I’ve been thinking about writing interesting characters with depth, the kind that draw a reader into the story. There’s something in the details. There are precious details that shouldn’t be overlooked, and then there are the things that tell too much. Yeah, I’m probably guilty of “TMI” more often than not. If nothing is left to the imagination, there’s not much left for the reader to do than scan the words on the page. There’s no engagement there.
So, I made up a little exercise. I’ll nonchalantly take in the scenes around me (and the people in them). Each person I see is now a character, but there are rules—
- The person must be a complete stranger.
- Jot notes on the physical appearance (physique, posture, clothing, movement).
- Include notes on the person’s presence in the place (sound, language, gestures).
- Imagine the internal workings of the mind (choices, values, self-esteem).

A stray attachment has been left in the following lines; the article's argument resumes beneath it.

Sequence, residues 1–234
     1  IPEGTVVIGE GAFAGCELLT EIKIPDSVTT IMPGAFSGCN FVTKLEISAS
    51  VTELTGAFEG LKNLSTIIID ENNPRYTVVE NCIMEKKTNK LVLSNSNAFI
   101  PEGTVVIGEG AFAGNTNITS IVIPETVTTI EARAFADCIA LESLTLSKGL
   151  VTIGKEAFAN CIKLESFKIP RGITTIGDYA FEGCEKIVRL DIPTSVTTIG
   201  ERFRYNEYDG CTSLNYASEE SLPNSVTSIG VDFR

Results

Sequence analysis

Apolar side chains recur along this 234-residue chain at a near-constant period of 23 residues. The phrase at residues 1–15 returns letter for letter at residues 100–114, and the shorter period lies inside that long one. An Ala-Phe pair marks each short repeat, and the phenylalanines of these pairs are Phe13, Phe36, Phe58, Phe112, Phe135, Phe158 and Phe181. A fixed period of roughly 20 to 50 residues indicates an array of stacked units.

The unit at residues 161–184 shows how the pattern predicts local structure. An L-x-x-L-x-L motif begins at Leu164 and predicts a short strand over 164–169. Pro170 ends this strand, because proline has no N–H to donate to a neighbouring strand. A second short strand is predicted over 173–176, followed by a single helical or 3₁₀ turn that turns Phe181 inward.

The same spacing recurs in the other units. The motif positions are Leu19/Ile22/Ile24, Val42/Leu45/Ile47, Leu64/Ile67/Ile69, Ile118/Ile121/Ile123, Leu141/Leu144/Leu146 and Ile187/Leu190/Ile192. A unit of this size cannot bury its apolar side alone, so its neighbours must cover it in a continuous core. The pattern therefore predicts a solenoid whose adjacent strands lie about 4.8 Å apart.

- Quick “day in the life” sketch of the stranger.
I wonder how this kind of exercise will change my writing skill. It might be helpful, but I’ll let you know. I think the benefit is having a jotted list first and selecting from that. Rather than starting with a written piece, I can whittle down what I really need: a basic description and puzzle pieces for a story line, dialogue, and character interaction in relationship to others.
If you’ve done an exercise of this nature, how did it develop your skill in the craft?
What kinds of information would useful in an exercise like this to develop characters?
I’d love to hear your thoughts if you feel like sharing below.
Thanks for reading along!